Thanks again for your letter. We truly appreciate it when folks like you keep us informed of the proper way to do our job. You take good care of Ahmed and remember, we'll be watching.

    Good luck!

    Cordially, your friend,

    GEORGE W. BUSH
     
  9. lite-liner

    lite-liner troll enforcement Staff Member

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  10. jaredchasteen

    jaredchasteen Senior Member

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    Billfisher,


    That is some funny sh**
     
  11. Uncle Russ

    Uncle Russ Senior Member

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    Maybe this subject really is too political for a fishing board, and if I am guilty in keeping it going, then I do apologize. Having said that, I am feeling lonely and noone has come to see me in the Old Folks Home for over a year. I have been saving up my pills for an overdose after the November elections, so I am off my medication for a while. So here goes:

    I agree with Pope that "torture", however one defines it, is appropriate if and only if it is likely to produce results--and those, of a substantial nature, in an extremely serious situation.

    In my old age, if I am talking to a Hillary Clinton supporter--oops, make that Borak Obama, now--I don't even try talking about the candidates. Rather, I like to discuss specific issues--you know--something to get them thinking. I recently was talking to a young woman who attends Columbia University. She is a very dear person and completely sincere. But, having been exposed only to academic, liberal opinions, she passionately hates George Bush and the war and everything he and it stand for. I asked her this about torture: "Assume the worst case--that President Obama, knew a thermonuclear weapon--or even "just" a dirty bomb--was buried under Manhattan. Assume further that it was known to be set for detonation in 24 hours. And assume finally that he knew beyond doubt that a certain captive knew where it was buried. Would President Obama be justified in that limited hypothetical, in authorizing (1) waterboarding or (2) true torture of the most vicious kind?" She told me that was a stupid hypothetical question that would never happen and she was not going to answer it.

    But you know, the girl lives in New York--she doesn't really need to answer it--just think about it a little. I was born when Hitler still held sway over Europe. Soon I will be an old man. Hell, most of you probably think I am already! :) And, as the scribe said in Ecclesiastics: "One generation passeth away...but the Earth abideth forever." I am willing to let the younger generation take over the government because this is their world. And as all of us who have children know: we can never save the next generation by holding out the example of our own mistakes--rather, they have to learn by their own.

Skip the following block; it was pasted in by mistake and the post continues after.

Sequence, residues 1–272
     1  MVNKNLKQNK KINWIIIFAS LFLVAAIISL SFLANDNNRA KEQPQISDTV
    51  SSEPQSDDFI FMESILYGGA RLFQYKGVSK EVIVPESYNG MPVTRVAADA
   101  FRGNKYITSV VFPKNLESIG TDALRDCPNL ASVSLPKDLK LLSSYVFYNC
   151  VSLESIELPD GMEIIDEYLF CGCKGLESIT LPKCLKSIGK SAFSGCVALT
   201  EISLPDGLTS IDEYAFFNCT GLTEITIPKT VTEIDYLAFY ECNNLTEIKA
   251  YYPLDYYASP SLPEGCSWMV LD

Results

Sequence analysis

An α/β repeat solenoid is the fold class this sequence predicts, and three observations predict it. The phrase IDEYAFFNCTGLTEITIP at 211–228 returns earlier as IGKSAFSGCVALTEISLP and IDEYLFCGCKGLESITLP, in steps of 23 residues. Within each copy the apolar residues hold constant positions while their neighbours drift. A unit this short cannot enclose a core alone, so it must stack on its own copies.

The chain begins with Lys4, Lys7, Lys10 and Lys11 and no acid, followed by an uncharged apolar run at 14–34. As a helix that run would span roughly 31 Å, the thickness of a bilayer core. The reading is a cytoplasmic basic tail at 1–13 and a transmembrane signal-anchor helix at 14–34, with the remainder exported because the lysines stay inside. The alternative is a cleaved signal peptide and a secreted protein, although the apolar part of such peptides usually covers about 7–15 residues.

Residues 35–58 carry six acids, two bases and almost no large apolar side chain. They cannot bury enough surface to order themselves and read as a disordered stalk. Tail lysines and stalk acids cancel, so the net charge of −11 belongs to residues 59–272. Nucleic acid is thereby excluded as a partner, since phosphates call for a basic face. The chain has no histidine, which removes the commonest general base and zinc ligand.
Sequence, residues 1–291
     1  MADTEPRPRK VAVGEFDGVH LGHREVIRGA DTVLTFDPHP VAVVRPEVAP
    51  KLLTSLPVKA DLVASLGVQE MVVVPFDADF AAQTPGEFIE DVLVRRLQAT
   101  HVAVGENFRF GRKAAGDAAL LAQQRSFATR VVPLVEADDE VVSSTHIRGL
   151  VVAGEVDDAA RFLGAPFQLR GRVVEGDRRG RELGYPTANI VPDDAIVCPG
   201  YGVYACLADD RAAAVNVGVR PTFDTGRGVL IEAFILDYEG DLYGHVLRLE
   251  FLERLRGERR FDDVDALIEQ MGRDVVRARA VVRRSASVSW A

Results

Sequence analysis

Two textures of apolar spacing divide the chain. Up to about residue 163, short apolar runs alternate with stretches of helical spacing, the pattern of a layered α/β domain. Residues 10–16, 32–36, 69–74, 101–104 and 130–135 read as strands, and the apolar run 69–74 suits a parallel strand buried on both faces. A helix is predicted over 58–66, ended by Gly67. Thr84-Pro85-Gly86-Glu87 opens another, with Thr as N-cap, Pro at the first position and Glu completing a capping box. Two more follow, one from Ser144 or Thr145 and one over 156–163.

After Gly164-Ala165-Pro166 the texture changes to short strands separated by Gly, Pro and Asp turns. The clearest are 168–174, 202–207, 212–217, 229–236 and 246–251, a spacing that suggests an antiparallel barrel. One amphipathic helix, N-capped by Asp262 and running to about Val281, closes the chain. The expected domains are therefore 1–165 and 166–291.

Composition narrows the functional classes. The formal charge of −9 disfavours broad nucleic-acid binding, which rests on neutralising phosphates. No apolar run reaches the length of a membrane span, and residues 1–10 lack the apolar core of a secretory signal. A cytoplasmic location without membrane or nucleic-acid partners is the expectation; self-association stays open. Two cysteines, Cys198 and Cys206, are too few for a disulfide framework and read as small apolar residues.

I harbor the undying hope that when, (not if), we are attacked again, the younger generation, including our next President, will very quickly formulate the belief that the United States is worth saving, that, while we have much to learn and many problems, we remain, nevertheless, if not the last, then certainly the very best hope of mankind.

    I harbor the undying hope that the young people will realize that it is fine to travel to other countries and embrace "leaders" like Bin-Laden, Castro, and Chavez, and say bad things about the United States--just so long as one can return to America to live without being imrisoned for speaking freely.

    And I harbor the undying hope they will come to see that, when the United States is attacked on their watch, that it is morally sound to defend it.

    If so, the United States will continue to march forward, as we have for over 200 years, into the fog of international relations.

    If not, then sadly, perhaps the United States will have at that time forfeited our right to march forward as a world power and as the defender of the people's right to criticize its government.

    The second thing I would point out is this (not my idea--but it bears repeating): To paraphrase the late, great, Oldsmobile commercials, "This is not our fathers' war."--or, I would add, our Grandfathers' or our Great Great Grandfathers'. It is something new. We were fighting civilians in Germany and Japan, in the sense that they were building the war materiel in support of the troops. We had to bomb the cities where they hid the production lines. And, had Presidents Roosevelt and Truman not had the moral courage, respectively, to build and use the atomic bomb, we would have had to lose anywhere from a hundred-thousand to a million troops in the invasion of the Japanese homeland.

    But that was only the beginning. In the current war, our enemies are not "troops" in the traditional sense of the word--and therefore subject to the Geneva Convention. Rather, they are civilian para-military who hide. They hide in caves, in cities, in schools, in hospitals, and even in their own mosques. They stone their women to death for being raped and they teach their children to strap bombs to their bodies and vaporize themselves. They hate us beyond imagination, and the only people they hate more than us "infidels" are those who have accepted Islam and rejected it. We cannot be bound by the Geneva Convention or by the rules of conventional warfare, which grew up by common acceptance among gentlemen warriors over many centuries. We cannot even afford to play by the rules of the "Cold War"--mutually assured destruction.

    Because our enemies do not play by any rules. And, unlike our Judeo-Christian or the Buddhist or Hindu worlds, they are largely willing to accept death instead of pursuing life. President Obama will have to face the fact, somewhere in his administration(s), that "reaching out" to our enemies will bear no fruit--but in fact, will bear retalliation based on a perception of weakness. Jimmy Carter was a sincere, well-meaning, though incompetent president (who, I might add was elected to provide an alternative to Bush and, as a "Washington Outsider" who would bring about "change". Sound familiar, fellow tuna heads?)